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The What, When, and How of Peak Integration: Part 2. When.

Not every method will result in peaks being baseline resolved, or have peaks all the same size.  In the second installment of this series we will define some of the situations which most commonly occur and result in difficult integration.

When Peaks Are Difficult to Integrate?

Errors with integration can be the result of poor method development (e.g. sample preparation, chromatographic separation, incorrect detector settings) or an instrument fault (e.g. poor autosampler injection precision).
Peaks will be difficult to integrate, and consistently and accurately quantitate under the following circumstances (Figure 1):

  • On a rising, falling, or drifting baseline
  • Minor peaks on the tail of major ones
  • Tailing or fronting peaks
  • Peaks of very different heights 
  • Partially resolved peaks
  • Peaks of different sizes and ratios

Figure 1: Difficult to integrate peaks.

In order to avoid some of the situations detailed above we should look to try and (where possible) improve resolution, obtain a stable baseline, avoid peak tailing or large solvent peaks, and assess if our method needs to be altered when dealing with samples which have analytes in very different concentrations (i.e. produce peaks of very different area, ratio, and/or height).

Improve Resolution

Resolution is a function of selectivity, efficiency, and retention.  Making improvements to any of these parameters will positively impact on resolution.

For HPLC, retention and selectivity will both be altered by changing the organic solvent, mobile phase pH, solvent strength and additives, stationary phase chemistry, and temperature.  Efficiency can be increased by increasing the column length, reducing the column internal diameter, or decreasing the particle size.  It is better to use a smaller diameter packing than increase the column length, which will increase analysis time.  However, a decrease in particle size will result in an increase in system backpressure.  The use of smaller particles and narrower column internal diameter both require minimized extra column dead volume in order to avoid efficiency losses.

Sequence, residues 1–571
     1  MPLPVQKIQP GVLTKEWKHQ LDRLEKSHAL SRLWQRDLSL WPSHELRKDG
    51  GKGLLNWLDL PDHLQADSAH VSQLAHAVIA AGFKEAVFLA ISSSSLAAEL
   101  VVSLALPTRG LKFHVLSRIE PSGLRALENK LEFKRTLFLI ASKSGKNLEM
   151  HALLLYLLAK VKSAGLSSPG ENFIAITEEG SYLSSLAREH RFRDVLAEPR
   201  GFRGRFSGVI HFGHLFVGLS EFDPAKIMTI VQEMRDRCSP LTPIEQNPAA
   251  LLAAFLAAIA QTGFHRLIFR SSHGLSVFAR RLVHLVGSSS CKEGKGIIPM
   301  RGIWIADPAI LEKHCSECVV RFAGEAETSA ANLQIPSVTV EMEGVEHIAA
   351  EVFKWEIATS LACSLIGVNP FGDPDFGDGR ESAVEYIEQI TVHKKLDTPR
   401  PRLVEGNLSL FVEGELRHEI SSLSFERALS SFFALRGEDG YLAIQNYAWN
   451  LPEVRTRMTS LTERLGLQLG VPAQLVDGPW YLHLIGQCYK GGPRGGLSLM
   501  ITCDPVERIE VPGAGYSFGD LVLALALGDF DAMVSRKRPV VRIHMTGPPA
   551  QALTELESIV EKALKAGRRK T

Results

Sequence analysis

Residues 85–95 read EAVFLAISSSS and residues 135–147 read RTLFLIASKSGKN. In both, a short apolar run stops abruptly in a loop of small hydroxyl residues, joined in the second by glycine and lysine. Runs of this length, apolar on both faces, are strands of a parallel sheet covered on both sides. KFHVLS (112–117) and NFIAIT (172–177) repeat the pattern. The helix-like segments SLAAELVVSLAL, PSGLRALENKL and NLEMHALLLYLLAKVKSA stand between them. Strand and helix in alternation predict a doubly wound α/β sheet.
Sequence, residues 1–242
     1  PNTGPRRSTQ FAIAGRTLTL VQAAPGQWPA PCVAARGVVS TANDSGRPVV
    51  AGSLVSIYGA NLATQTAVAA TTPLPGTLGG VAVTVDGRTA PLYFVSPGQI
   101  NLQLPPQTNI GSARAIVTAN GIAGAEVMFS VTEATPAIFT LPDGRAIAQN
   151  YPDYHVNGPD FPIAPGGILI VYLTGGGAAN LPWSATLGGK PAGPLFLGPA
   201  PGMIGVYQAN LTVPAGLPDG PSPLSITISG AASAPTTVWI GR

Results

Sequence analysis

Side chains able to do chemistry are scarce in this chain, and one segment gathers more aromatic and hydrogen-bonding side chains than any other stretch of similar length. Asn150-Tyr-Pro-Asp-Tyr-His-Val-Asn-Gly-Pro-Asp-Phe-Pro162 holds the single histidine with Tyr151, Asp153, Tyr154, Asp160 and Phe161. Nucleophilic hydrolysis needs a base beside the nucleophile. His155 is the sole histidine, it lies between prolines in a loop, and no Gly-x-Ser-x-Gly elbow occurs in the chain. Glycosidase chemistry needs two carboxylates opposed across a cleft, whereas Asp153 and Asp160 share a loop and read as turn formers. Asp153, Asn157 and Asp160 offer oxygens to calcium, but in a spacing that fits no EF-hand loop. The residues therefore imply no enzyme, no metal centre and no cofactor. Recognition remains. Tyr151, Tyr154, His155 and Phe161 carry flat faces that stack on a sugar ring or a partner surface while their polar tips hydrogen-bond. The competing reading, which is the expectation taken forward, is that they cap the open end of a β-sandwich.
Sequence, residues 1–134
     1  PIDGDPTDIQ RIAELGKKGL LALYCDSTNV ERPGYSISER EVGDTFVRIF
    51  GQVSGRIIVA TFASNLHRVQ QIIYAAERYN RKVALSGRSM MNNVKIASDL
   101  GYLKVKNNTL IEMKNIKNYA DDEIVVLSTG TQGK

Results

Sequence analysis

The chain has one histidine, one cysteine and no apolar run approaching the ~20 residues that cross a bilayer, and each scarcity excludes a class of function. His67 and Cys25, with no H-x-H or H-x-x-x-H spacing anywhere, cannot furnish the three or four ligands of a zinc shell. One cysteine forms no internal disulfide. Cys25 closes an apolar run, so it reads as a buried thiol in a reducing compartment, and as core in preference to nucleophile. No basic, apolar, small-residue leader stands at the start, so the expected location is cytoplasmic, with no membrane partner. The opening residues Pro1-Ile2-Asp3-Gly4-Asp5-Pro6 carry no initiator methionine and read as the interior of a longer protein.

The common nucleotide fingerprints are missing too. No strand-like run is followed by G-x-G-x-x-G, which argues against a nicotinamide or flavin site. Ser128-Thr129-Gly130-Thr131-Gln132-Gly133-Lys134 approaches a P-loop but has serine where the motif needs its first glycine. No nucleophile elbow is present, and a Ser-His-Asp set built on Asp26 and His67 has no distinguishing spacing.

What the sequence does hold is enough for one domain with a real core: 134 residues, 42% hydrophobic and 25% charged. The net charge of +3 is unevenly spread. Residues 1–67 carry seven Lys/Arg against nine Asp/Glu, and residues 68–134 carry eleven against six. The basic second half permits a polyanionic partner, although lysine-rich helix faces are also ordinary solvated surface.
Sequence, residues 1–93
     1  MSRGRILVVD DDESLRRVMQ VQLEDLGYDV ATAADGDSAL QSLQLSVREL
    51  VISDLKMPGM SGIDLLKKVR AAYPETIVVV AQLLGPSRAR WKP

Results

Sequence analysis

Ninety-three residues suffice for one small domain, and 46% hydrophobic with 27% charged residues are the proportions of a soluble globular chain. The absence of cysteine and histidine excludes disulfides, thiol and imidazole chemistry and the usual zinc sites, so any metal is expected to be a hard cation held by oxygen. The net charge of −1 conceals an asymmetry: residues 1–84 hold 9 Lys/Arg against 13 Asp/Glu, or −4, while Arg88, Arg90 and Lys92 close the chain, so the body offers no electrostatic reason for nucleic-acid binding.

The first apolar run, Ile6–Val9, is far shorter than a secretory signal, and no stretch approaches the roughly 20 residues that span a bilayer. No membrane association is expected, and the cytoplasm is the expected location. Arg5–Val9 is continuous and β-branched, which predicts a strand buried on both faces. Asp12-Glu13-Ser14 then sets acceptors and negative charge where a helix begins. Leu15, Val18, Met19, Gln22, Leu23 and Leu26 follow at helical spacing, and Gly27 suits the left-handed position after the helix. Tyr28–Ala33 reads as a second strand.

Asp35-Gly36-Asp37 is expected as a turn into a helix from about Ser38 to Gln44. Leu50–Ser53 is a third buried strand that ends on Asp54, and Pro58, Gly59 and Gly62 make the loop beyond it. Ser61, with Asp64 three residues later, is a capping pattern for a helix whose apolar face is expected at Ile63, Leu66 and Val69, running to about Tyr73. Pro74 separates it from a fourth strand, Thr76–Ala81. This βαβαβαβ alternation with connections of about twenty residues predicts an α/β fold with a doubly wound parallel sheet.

The most effective way to alter the retention factor in GC is to adjust the temperature of the carrier gas.  Other variables which also affect retention and selectivity are the oven temperature ramp rate, chemical nature of the stationary phase, and the ratio between the film thickness and column diameter (phase ratio, β).  Column dimensions (internal diameter, film thickness, and length) are used to optimize efficiency.


Obtain a Stable Baseline

Baselines should be flat and stable throughout a chromatographic analysis, yet there are numerous baseline related problems such as drifting, cycling, noise, and spikes which can be the result of both method and instrument problems.  

For example, unstable baselines in HPLC can be the result of temperature fluctuations, normal re-equilibration during gradient analysis (re-equilibration time will need to be assessed on a method by method basis, particularly when working with ion-exchange, HILIC, or ion pair applications), mobile phase variations (solvent evaporation or variation in additive concentration during gradient analysis), flow rate variation, leaking pump or piston seal, or a faulty check valve.

In GC column bleed (all columns bleed, although more polar and thicker stationary phases bleed more), a column which is not properly conditioned, variable carrier gas flow, column contamination,  inlet/liner contamination, and detectors not properly equilibrated can all lead to baseline problems.